Investigate super and make sure you're putting at least the concessional maximum in each year, if you have funds to invest.

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Green Sage

DH and I have thought about investment properties a lot, and may get one eventually. We have made a lot of money on our homes, sums of money we couldnt have made any other way. But here are the things that are holding me back.

 

- Deposit. I wont buy anything without owning a big chunk of it. Not only are low deposit investment loans harder to find these days, but i dont want to end up with no equity or negative equity should the market fall. And having all our savings tied up in property means you cant access that money easily. So i want a big deposit, PLUS plenty of savings in the bank before we will do it.

 

- Time, I dont have time to manage a property, repairs, tennants, etc. Which means i need a good agent to run it. And i dont trust rental agents to do a good job. Its a big risk to leave it up to someone else to manage my asset, i would want to be involved myself.

 

- Cost and location. Even a tiny property around us is beyond our budget. So we would have to look at properties further away. And this adds to the time factor. We would have to drive there for inspections, and I dont have time to be doing that. Plus unfamiliar areas are tricky, I would have to reasearch a lot to make sure we were buying in a safe area as far as land value goes.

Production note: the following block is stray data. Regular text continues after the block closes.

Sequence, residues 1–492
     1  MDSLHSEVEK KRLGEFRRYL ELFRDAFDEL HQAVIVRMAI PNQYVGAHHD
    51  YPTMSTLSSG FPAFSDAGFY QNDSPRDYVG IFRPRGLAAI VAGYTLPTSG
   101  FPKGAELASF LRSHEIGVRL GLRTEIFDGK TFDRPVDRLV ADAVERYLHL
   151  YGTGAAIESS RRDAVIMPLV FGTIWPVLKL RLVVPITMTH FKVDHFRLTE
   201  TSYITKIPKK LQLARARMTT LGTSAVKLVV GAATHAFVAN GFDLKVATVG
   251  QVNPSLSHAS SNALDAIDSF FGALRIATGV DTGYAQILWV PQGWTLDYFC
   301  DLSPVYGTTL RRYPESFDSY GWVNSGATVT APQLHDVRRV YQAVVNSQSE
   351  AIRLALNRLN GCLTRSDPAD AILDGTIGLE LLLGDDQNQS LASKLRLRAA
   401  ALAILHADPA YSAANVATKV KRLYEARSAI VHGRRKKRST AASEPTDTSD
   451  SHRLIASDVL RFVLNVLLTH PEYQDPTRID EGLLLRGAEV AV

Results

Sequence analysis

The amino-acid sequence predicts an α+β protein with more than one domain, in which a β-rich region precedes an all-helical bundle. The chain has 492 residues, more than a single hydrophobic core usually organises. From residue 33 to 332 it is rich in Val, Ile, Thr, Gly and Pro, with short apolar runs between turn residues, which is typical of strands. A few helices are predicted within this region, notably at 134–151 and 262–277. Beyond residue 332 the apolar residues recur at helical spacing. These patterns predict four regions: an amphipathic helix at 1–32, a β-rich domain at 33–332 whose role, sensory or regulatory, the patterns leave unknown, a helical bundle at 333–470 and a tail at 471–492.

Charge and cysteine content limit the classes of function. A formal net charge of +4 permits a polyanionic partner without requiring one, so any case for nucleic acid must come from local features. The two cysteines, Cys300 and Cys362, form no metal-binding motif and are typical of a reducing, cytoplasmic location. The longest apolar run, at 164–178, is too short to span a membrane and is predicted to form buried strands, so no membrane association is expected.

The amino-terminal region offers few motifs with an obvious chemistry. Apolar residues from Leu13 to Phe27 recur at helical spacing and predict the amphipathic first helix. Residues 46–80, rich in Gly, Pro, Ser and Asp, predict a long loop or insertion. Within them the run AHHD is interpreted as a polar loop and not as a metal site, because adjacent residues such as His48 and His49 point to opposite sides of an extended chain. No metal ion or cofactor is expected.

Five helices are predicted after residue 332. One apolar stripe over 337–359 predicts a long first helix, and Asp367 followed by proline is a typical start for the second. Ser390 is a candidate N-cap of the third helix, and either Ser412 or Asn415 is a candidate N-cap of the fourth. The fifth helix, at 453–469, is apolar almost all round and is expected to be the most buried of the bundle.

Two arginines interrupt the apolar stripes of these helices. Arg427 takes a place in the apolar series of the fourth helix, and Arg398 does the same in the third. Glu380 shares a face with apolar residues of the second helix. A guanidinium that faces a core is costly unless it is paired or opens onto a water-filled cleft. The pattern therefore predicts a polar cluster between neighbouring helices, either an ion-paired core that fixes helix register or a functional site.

- Return on an investment property vs return on that money sitting on our current mortgage. Interest rates are low, but still, having our savings on our mortgage is an instant 3.8% return. No guarantees of that with an investement property. So we will have to pay off our current home a bit more before im comfortable enough to direct that money elsewhere.

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teaspoon

Hi OP,

 

Lately I've been doing some reading/ listening to Margaret Lomas and Paul Turner about RE investing.

 

https://realestateta...margaret-lomas/

 

I like that both of them really spell things out and speak in laymen's terms.

 

Still not sure what I'm going to do but feeling better informed.

Edited by teaspoon
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MadMarchMasterchef

Centrelink used to run free unbiased information seminars on such topics. I think they still do. The take home message was that investment properties need to make capital gains over time to be worth it. They usually don't bring in enough rental income to make a profit after all expenses are paid out, unless you were gifted one or were very lucky with where you bought.